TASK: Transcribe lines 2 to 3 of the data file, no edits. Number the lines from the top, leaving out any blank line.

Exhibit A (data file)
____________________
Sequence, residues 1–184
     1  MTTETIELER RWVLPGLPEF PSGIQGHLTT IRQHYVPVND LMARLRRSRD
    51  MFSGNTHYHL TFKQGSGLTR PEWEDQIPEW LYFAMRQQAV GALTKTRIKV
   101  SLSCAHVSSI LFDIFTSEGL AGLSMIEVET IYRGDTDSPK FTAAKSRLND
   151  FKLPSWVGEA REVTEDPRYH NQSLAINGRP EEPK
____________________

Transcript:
     1  MTTETIELER RWVLPGLPEF PSGIQGHLTT IRQHYVPVND LMARLRRSRD
    51  MFSGNTHYHL TFKQGSGLTR PEWEDQIPEW LYFAMRQQAV GALTKTRIKV